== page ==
Like Tree2Likes
  • 1 Post By anduril462
  • 1 Post By MK27

non-blocking sockets

This is a discussion on non-blocking sockets within the Networking/Device Communication forums, part of the General Programming Boards category; So I found a select server off of a website and modified it. I am using the server with non-blocking ...

  1. #1
    Registered User Annonymous's Avatar
    Join Date
    Apr 2011
    Location
    Jackson, New Jersey, United States
    Posts
    302

    non-blocking sockets

    So I found a select server off of a website and modified it. I am using the server with non-blocking clients.

    If I connect 2 clients to the select server the clients work in blocking mode just fine. When I set the clients to non-blocking they echo to them selves. Whether connected to the server or not. As long as 2 or more clients are connected. For example if I connect cli1 & cli2 (no server), type hey in cli1 and it will send hey to itself.

    I fixed the EAGAIN issue with read, and EINOROGRESS with connect.

    What could be causing this issue?

  2. #2
    Registered User Annonymous's Avatar
    Join Date
    Apr 2011
    Location
    Jackson, New Jersey, United States
    Posts
    302
    Also, the select server works while the clients are connected. I ran strace with the server and it worked fine.

  3. #3
    Registered User
    Join Date
    Nov 2010
    Location
    Long Beach, CA
    Posts
    5,501
    Nearly a year in, and 160 posts, and you still aren't providing us with your code...
    Salem likes this.

  4. #4
    Registered User Annonymous's Avatar
    Join Date
    Apr 2011
    Location
    Jackson, New Jersey, United States
    Posts
    302
    Sorry anduril, I wrote that in a rush. Its just getting nice in Jersey. Super nice actually! Ive been planning a camping trip to the Appalachian mountains. And my gas gauge is broke so I've spent the day replacing my fuel sending unit on my 94 Ranger. I tried writing that post on the way to mechanic shop to pick up the part.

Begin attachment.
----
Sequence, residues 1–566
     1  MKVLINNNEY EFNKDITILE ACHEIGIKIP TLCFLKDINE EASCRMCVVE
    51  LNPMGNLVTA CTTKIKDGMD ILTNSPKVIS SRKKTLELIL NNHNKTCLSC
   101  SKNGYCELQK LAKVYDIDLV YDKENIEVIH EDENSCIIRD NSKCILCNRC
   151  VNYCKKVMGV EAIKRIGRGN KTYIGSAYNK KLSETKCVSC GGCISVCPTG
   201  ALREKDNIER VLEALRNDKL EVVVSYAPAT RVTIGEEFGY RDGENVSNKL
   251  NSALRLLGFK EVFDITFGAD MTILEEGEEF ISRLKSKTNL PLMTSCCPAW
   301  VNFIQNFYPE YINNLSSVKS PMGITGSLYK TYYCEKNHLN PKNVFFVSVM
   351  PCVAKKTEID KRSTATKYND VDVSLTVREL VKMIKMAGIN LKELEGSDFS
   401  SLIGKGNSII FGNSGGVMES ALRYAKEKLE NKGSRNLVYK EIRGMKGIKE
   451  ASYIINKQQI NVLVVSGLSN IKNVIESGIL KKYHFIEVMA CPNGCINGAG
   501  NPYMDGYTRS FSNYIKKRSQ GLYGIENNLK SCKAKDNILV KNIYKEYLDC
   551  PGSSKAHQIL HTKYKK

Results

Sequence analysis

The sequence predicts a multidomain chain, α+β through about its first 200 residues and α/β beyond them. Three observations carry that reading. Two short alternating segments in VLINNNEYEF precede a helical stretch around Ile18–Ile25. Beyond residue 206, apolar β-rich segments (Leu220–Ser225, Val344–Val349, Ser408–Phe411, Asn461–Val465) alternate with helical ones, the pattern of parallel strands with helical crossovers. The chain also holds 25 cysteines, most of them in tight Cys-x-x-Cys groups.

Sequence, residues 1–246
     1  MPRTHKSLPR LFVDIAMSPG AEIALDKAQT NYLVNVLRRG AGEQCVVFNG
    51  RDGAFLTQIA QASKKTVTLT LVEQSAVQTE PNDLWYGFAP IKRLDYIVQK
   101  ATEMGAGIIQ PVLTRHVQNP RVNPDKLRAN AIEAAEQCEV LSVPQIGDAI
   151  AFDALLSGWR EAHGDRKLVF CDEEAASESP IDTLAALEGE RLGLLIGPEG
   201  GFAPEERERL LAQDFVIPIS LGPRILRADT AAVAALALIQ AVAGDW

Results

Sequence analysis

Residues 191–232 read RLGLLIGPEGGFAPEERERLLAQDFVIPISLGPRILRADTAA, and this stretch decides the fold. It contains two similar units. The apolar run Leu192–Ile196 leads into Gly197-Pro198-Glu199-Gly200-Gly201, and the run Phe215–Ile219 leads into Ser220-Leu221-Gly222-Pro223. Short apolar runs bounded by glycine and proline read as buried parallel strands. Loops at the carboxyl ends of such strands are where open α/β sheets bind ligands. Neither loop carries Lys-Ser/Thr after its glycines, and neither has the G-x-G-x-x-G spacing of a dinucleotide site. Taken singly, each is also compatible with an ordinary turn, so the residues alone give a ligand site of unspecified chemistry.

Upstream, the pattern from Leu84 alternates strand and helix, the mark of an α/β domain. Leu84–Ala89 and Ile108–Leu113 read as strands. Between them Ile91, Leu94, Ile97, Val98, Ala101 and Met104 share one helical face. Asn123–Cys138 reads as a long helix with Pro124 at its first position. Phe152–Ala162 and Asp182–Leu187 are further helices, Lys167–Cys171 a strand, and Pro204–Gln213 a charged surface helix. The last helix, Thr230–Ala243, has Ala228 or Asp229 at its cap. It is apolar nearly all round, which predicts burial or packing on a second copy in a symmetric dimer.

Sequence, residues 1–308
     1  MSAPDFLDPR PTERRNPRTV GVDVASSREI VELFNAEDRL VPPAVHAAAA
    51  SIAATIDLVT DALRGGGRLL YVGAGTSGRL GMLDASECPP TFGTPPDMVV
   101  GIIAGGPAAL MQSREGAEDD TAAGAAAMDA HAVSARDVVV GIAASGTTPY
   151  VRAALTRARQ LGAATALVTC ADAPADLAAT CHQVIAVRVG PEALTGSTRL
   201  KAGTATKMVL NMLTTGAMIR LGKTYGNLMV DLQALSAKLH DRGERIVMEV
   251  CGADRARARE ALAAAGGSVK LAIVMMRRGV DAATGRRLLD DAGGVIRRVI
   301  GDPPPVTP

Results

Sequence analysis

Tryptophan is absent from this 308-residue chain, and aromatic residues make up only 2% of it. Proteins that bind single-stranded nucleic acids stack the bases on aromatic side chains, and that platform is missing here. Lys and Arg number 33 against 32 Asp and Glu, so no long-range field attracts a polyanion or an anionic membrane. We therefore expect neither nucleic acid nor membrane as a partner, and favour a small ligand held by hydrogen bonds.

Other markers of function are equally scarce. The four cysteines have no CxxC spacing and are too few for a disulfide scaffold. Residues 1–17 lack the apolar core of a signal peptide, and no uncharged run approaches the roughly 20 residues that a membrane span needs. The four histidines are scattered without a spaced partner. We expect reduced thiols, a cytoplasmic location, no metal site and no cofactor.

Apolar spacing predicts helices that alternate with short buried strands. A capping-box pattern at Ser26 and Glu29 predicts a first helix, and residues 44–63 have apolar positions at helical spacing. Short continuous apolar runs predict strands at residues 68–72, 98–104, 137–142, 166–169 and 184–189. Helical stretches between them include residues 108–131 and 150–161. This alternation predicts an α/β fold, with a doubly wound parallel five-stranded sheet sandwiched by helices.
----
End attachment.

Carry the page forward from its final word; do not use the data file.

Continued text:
I'm getting gas now and figured I'd respond real quick. Ill re-write everything in a more elaborate manner along with the code when I get home tonight. This is from my android phone. Thanks and sorry for the cracked out post!

  5. #5
    Registered User Annonymous's Avatar
    Join Date
    Apr 2011
    Location
    Jackson, New Jersey, United States
    Posts
    302
    OK just got home. So here it goes.....

    I have a select server in working order. I got the select server from a website and got it working with minimal tweaking. I wrote the clients myself. Now if I connect my 2 blocking clients to the select server, they communicate synchronously just fine. The problem occurs when i set non-blocking mode.

    I took care of the expected EAGAIN issue.

    Code:
    if((readfd <= 0) && (readfd == EAGAIN))
    {
    readfd = read(sockfd, buffer, sizeof(buffer));  
    }
    
    		else
    		{
    		fprintf(stdout, "%s", buffer);
    		}
    As well as the connect issue:
    Code:
    	int connector = connect(sockfd, (const struct sockaddr *) &serv_addr, sizeof(serv_addr));
    	if((connector < 0) && (!EINPROGRESS))
    	{ 
    	fprintf(stderr, "CONNECT(-1) ---> %s.\n", strerror(errno));
    	exit(EXIT_FAILURE);
    	} 
    		else 
    		{ 
    		  fprintf(stdout, "Made a connection to %s\n", inet_ntoa(serv_addr.sin_addr)); 
    		}
    setsockopt:
    Code:
    setsockopt(sockfd, SOL_SOCKET, SO_REUSEADDR, &yes, sizeof(yes));
    non-blocking mode:
    Code:
    int x = fcntl(sockfd, F_SETFL, O_NONBLOCK);
    	if (x < 0)
    	{
    	printf("FCNTL(-1) ---> %s.\n", strerror(errno));
    	//close(sockfd);
    	//exit(EXIT_FAILURE);
    	}
    
    	if(x == 0)
    	{